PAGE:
Study: nonprofit workers burn out

Low salaries, long hours and never-ending to do lists plague the non-profit sector and cause people to leave their jobs before they move up the ladder to top executive positions, according to a study released last month.

CompassPoint Nonprofit Services, The Annie E. Casey Foundation, the Meyer Foundation and published “Ready to Lead? Next Generation Leaders Speak Out” as a response to a 2006 report that found 75 percent of nonprofit executive directors were planning to leave in the next five years. The 2008 report surveyed 6,000 emerging leaders in the nonprofit sector, and found 69 percent of them felt underpaid.

Sean Segal, director of alumni services at the Urban Alliance Foundation, a mentoring program for D.C. teens, spoke to GW students last week about the realities of working for a non-profit in a panel discussion sponsored by the Career Center. The report was made available to students at the event.

“You have to ask yourself if you want to think about it all the time, even if you try not to. I can’t leave work and forget that Jasmine is pregnant when she also just got accepted to college,” Segal said.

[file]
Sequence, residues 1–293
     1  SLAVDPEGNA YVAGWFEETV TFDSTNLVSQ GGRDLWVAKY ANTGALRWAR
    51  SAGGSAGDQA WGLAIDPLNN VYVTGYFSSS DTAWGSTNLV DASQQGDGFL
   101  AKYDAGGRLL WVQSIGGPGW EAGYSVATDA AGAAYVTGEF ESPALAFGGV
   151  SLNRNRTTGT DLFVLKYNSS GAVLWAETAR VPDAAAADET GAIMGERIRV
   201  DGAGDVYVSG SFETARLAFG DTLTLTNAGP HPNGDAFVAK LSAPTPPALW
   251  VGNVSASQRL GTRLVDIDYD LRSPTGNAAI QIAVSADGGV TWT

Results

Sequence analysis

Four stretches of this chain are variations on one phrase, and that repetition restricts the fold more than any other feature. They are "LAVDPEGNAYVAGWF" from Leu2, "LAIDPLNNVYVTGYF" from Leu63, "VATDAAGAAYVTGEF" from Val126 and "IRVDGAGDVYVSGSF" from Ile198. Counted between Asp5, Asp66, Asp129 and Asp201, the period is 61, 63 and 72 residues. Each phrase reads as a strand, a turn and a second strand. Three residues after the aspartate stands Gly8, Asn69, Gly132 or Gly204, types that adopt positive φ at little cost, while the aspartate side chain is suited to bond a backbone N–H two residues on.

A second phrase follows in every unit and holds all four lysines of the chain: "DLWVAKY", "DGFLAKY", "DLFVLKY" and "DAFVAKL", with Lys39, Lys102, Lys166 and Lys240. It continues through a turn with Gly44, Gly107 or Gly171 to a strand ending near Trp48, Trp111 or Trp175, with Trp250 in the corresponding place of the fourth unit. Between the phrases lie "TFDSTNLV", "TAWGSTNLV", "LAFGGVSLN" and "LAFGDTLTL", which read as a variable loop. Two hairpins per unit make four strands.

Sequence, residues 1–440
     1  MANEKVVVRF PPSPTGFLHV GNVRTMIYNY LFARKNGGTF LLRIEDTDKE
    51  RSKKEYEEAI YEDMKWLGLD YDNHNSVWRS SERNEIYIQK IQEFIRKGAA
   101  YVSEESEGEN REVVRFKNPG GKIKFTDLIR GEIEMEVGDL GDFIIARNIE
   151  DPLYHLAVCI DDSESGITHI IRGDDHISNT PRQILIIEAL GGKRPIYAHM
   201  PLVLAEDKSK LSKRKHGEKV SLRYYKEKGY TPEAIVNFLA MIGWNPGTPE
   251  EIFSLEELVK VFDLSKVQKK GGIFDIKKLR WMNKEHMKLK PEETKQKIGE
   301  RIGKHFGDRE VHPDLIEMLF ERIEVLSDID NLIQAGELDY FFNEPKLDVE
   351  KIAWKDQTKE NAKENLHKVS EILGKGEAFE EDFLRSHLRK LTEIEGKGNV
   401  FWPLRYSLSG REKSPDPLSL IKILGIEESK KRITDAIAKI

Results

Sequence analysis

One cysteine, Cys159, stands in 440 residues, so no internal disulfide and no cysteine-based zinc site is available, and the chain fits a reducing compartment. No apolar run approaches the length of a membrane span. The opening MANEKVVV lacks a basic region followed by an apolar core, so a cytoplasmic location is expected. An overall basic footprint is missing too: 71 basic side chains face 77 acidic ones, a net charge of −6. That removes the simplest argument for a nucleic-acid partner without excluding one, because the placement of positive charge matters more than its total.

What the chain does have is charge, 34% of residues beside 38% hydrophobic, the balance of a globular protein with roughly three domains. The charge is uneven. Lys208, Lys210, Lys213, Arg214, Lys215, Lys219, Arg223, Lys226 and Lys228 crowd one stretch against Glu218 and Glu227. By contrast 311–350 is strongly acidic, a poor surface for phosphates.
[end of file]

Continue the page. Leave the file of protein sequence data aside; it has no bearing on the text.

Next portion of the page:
In GW’s class of 2006, of those who were employed six months after finishing college, 15 percent said they were employed at a “non-profit organization or association,” according to a survey by the Career Center and Alumni Relations.

“I am worried by the unending funding for consumerism and militarization, but I also have hope,” Student Activities Center Assistant Director Timothy Kane said at the discussion. “We have the human resources to promote peace.”

Whether inspired by an alternative spring break, graduate school work, or anger at a social flaw, the panelists said passion is the key ingredient to preventing burnout and making the job worthwhile.

Wednesday held its annual Nonprofit Career fair in Marvin Center. Around 107 organizations set up tables at the fair and between 1,500 and 2,000 D.C. residents and college students attended the event.

Junior Jeremy Lunsford is a religion major currently working at Starbucks. He said he does not want to work at Starbucks after graduation but he does not want to be a minister.

“I’m looking for a nonprofit that combines social justice with interfaith programs, or at least a religion based nonprofit,” Lunsford said.

Senior Celeste Jalbert, a women’s studies major, said she is planning on working in nonprofits for at least a couple years after graduating.

“It will definitely be hard, but I can do it right now, at least for a couple years,” she said. “I think issues of social justice are important, and I live in Seattle, so I grew up with those values.”

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